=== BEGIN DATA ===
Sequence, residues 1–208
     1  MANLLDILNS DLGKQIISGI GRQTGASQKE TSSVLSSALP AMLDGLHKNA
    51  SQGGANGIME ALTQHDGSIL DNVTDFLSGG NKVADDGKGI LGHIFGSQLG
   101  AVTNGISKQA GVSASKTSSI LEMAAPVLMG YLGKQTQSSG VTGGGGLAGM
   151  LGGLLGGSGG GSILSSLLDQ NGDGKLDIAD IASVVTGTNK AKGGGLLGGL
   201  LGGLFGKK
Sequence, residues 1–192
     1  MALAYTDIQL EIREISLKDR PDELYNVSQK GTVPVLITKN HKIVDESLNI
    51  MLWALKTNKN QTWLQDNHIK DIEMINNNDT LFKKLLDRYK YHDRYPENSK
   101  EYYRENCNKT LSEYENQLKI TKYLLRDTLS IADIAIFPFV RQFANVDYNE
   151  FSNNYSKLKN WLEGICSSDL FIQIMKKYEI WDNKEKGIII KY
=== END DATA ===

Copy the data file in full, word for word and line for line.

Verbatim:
Sequence, residues 1–208
     1  MANLLDILNS DLGKQIISGI GRQTGASQKE TSSVLSSALP AMLDGLHKNA
    51  SQGGANGIME ALTQHDGSIL DNVTDFLSGG NKVADDGKGI LGHIFGSQLG
   101  AVTNGISKQA GVSASKTSSI LEMAAPVLMG YLGKQTQSSG VTGGGGLAGM
   151  LGGLLGGSGG GSILSSLLDQ NGDGKLDIAD IASVVTGTNK AKGGGLLGGL
   201  LGGLFGKK
Sequence, residues 1–192
     1  MALAYTDIQL EIREISLKDR PDELYNVSQK GTVPVLITKN HKIVDESLNI
    51  MLWALKTNKN QTWLQDNHIK DIEMINNNDT LFKKLLDRYK YHDRYPENSK
   101  EYYRENCNKT LSEYENQLKI TKYLLRDTLS IADIAIFPFV RQFANVDYNE
   151  FSNNYSKLKN WLEGICSSDL FIQIMKKYEI WDNKEKGIII KY